- Question: I have warts that I thought were genital warts on my inner thighs, and recently found out from my OB-GYN that they are not ""genital warts"", but regular warts located near (not ON) the genitals. She did a treatment with a type of acid (I can't remember what kind), and suggested that I see a dermatologist to have them frozen off, which I did recently (about two weeks ago). The warts have fallen off, but the area is still healing. My question is, how long until it's safe to have sex again? Also, even though these aren't ""genital"" warts, do they spread the same way? I didn't think of asking the dermatologist until I had left the office. The only answers I've seen on the web so far are ""practice abstinence"", but that really doesn't help me, I don't want to practice abstinence for the rest of my life! :) One more thing, I've been reading online that the basic treatments only remove the surface warts but don't kill the virus, is this the same for freezing? If these warts return, what is the most efficient way of getting rid of them once and for all (I know that the virus that causes warts stays in the body indefinitely, so I suppose the question shouldn't be ""once and for all"" but more a good chance at once and for all)? Would it be laser treatments or would cauterizing work just the same?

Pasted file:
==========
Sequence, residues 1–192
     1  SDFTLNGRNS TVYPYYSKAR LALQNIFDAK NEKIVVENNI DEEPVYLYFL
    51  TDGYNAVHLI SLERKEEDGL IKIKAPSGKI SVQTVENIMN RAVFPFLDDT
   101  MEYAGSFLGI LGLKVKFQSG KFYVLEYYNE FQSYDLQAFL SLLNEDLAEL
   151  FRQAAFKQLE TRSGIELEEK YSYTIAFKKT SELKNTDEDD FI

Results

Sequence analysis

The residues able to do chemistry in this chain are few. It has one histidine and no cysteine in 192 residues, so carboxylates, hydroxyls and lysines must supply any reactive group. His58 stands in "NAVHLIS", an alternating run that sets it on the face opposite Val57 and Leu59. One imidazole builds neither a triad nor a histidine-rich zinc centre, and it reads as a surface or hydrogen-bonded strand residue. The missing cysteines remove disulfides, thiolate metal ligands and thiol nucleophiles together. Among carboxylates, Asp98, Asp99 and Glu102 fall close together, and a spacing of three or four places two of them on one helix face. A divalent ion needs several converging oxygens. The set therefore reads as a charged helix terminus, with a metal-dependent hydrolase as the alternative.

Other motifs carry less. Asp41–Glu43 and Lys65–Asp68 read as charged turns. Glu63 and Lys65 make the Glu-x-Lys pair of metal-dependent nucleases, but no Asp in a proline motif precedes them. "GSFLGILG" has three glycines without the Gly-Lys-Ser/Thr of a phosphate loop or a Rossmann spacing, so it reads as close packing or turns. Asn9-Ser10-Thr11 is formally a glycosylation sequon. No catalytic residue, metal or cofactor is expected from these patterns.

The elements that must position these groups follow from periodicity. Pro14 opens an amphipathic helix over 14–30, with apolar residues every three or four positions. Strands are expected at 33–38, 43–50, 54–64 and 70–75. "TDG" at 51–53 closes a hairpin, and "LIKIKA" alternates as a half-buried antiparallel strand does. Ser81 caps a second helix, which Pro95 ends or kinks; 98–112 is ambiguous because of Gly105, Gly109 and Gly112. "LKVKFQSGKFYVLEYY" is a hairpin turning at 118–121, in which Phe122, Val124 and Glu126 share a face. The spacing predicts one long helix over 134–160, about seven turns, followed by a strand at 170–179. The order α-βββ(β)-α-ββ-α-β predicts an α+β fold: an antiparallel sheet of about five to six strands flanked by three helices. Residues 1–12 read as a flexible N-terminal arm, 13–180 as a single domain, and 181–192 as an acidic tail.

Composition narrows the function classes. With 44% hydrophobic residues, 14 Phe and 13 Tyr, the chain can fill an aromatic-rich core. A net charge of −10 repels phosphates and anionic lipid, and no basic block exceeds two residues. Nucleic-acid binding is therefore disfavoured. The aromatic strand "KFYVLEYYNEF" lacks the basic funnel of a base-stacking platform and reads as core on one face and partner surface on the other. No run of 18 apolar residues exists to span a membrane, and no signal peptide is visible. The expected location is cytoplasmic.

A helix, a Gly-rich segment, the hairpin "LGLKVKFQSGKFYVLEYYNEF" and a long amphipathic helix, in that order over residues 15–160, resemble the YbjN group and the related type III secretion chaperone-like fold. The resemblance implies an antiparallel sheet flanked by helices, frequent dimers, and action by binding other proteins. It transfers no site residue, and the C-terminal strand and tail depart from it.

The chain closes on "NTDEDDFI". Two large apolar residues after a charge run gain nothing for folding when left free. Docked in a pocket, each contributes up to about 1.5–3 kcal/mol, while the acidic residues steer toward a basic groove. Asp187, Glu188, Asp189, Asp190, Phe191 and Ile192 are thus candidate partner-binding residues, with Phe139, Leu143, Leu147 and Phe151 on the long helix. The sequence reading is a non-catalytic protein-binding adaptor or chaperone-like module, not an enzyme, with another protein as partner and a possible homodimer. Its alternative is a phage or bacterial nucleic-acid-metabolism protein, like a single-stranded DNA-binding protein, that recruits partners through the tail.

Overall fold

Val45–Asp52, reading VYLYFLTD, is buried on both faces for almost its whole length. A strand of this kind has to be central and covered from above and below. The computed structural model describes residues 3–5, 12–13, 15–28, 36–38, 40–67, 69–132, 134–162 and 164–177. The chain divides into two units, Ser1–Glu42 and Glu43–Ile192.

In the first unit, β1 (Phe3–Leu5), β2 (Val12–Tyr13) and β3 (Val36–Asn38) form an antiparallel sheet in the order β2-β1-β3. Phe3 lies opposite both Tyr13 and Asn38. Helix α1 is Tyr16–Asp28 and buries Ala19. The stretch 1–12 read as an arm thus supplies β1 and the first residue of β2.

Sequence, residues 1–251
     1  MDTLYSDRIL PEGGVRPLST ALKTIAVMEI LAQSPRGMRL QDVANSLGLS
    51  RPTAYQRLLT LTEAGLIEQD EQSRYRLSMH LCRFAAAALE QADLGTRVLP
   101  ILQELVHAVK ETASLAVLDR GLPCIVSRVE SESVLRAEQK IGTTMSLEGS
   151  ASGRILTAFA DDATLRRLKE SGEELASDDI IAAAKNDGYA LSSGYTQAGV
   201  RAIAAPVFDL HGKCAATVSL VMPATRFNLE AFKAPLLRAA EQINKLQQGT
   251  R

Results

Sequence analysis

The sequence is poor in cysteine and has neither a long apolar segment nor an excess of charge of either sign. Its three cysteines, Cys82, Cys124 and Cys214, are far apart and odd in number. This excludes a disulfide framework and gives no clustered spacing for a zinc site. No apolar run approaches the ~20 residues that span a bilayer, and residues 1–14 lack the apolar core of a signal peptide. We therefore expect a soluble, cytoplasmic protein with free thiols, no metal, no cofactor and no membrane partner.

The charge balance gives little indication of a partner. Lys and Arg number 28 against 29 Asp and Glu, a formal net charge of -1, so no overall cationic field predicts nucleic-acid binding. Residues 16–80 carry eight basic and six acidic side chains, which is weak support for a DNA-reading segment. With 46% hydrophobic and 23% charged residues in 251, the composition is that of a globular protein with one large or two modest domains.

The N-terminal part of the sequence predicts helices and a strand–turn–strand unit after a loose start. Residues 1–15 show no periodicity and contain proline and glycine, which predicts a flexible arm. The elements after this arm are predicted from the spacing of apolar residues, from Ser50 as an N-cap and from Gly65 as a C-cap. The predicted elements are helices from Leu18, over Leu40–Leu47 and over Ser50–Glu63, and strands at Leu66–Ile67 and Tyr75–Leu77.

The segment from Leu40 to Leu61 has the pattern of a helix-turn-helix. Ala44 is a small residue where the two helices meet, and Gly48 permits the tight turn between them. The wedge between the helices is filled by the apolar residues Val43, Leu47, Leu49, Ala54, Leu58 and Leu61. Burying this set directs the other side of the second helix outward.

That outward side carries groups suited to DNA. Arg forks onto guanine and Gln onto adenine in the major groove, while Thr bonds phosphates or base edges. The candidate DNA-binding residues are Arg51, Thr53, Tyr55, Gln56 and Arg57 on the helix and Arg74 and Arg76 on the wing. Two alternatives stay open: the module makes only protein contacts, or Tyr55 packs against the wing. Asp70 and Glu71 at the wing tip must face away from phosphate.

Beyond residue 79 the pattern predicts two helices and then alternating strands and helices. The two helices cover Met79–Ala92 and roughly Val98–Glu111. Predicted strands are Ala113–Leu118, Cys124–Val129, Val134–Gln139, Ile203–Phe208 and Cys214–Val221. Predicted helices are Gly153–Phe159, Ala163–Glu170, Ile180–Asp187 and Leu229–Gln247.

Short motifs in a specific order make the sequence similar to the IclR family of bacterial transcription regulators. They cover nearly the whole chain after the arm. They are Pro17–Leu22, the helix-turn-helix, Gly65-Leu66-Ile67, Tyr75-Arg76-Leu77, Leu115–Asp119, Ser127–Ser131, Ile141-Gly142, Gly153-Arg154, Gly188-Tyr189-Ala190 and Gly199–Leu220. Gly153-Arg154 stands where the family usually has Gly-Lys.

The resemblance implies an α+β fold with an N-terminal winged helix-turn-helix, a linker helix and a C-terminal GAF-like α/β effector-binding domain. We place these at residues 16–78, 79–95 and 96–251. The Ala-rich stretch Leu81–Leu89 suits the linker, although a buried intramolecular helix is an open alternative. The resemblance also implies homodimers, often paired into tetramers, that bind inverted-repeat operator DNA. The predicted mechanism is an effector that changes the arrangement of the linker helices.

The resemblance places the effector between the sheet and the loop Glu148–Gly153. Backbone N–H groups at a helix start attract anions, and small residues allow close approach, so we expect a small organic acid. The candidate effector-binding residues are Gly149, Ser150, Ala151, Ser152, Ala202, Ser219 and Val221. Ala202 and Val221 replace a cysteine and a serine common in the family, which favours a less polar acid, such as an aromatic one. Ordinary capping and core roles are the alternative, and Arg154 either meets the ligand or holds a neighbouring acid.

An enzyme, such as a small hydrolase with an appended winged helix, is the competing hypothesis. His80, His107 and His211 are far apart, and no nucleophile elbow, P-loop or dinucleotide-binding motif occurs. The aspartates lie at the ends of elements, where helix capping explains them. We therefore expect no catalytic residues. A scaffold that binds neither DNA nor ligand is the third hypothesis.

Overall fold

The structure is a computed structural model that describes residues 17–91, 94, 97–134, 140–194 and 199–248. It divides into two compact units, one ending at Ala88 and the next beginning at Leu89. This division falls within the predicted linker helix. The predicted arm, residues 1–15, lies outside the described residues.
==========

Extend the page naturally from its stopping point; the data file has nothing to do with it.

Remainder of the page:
Unfortunately these questions would be better answered by the dermatologist who removed the warts as they treated you. I recommend calling them and following up this way. It is possible to spread the warts if they come into contact with another person which is why practicing abstinence is suggested. How long should be discussed with your dermatologist. It is true that freezing or removing them can only be temporary. Warts are caused by an infection of the human papillomavirus infection. There are about 100 different types of these viruses which we all carry with us. Those that actually have warts arise are those that are unable to fight the infection. Thus, if you have experienced the warts then its most likely you are one of those that is unable to fight the infection off and may get them again. An option may be a topical cream Imiquimod which helps the body’s immune system fight the wart virus; or there are also injectables that you can do such as Candida or Trichophyton antigens. But no matter what, discussing with your dermatologist is best.
Read more on The Dermstore Blog: What’s Normal and When to See a Dermatologist